If usability can be defined by a single, standardized usability metric it would me much easier for it to be measured and managed and to be put on the agenda of boardroom meetings. Defining usability in a single metric would make it more accessible to managers. Is it possible though?
However there are several definitions of what usability is. Schneiderman for example identify five usability measures: time to learn, speed of performance, rate of errors by users, retention over time and subjective satisfaction. According to ISO-9241-11 usability consists of the three aspects: effectiveness, efficiency and subjective satisfaction and Jakob Nielsen defines usability by the five following components: learnability, efficiency, memorability, errors and satisfaction.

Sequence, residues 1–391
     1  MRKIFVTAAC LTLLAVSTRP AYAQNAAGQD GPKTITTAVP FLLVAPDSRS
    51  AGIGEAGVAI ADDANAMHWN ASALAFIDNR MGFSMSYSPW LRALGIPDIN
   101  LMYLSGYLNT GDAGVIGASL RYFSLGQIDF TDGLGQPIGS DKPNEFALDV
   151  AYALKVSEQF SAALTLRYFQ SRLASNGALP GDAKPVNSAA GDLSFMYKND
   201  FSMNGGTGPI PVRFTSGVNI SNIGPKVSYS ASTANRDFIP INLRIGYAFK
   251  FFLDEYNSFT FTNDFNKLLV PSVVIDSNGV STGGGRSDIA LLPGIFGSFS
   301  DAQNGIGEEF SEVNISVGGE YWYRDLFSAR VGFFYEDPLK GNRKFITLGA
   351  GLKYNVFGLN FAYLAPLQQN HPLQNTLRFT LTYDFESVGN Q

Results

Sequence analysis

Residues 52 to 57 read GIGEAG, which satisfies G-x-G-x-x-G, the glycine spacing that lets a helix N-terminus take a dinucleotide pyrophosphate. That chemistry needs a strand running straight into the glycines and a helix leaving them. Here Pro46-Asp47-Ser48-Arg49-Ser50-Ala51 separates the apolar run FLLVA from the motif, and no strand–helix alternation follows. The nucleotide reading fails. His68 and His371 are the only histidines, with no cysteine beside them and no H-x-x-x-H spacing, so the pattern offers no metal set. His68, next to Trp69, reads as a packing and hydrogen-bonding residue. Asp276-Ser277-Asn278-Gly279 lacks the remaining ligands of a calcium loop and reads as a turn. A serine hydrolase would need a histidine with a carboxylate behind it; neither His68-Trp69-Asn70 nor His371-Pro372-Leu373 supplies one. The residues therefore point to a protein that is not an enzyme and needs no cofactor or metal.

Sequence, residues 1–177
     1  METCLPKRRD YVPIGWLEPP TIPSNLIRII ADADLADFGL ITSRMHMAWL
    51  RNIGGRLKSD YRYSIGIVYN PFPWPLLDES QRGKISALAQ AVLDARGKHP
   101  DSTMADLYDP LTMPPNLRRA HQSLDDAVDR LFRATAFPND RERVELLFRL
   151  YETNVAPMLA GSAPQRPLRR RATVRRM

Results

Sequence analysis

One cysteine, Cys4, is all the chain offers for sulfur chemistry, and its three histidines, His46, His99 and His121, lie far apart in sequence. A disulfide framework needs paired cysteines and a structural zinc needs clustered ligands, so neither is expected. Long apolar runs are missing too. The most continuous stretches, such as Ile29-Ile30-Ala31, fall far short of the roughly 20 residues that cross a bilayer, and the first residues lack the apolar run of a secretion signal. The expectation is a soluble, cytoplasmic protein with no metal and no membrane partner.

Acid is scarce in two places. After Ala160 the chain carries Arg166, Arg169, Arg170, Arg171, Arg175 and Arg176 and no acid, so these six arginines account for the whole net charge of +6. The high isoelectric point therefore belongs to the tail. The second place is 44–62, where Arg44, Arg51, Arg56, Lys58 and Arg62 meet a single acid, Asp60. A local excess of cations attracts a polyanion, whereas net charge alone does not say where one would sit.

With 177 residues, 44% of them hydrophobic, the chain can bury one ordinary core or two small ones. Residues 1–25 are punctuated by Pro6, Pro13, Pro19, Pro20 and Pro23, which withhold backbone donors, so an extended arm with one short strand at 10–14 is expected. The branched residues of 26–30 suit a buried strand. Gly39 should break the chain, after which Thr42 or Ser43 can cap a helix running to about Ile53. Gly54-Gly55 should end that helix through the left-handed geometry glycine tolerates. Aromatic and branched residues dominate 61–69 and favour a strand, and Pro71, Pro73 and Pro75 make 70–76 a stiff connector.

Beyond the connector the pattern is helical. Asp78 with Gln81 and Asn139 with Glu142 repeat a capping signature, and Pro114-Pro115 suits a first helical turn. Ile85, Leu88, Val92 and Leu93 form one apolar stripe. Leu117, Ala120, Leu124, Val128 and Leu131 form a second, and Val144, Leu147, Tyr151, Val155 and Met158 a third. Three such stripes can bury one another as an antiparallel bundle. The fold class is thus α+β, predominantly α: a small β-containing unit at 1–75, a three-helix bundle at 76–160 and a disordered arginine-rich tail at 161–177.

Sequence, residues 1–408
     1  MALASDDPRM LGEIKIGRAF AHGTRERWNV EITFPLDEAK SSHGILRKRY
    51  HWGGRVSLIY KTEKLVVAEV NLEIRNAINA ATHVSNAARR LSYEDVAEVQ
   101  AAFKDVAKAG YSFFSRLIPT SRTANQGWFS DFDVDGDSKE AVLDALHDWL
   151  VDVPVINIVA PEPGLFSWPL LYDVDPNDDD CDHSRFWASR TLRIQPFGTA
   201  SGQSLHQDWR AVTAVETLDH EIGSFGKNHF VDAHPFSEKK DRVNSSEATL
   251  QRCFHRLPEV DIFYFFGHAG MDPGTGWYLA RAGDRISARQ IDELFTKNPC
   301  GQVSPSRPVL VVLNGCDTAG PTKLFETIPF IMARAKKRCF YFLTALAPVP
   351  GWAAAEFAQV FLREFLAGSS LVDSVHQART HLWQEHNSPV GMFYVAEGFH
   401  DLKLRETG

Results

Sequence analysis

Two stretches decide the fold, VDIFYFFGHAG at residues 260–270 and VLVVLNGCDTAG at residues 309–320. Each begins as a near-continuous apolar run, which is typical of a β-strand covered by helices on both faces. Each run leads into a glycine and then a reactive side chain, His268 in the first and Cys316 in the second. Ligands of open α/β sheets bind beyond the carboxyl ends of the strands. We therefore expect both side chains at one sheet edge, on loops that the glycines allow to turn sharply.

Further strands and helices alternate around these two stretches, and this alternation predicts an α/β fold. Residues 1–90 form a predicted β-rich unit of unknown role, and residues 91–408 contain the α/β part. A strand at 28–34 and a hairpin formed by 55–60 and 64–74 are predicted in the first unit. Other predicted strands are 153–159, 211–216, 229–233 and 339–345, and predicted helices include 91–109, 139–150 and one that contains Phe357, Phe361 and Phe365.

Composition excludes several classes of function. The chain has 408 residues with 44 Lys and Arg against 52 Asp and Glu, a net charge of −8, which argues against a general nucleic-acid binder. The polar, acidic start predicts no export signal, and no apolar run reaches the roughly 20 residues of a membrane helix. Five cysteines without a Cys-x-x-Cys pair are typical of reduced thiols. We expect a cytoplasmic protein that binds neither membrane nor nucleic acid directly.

Some researcher like McGee and Sauro and Kindlund believe that measuring usability in a single, standardizd metric is possible. They think that the different aspects of usability to some degree contribute the same information and can be combined.
To find out if such a strong correlation between the different aspects of usability exists Hornbaek and Lai-Chong Law performed a Meta-Analysis of Correlations Among Usability Measures.
Altogether 73 datasets were analyzed. Their study shows that there is a small to medium correlation between typical measures of usability. This makes defining usability in a single, standardized metric extremely difficult. Until the holy grail has been found it is better to use one of the defintions as stated by Schneiderman, ISO-9241-11 or Nielsen.
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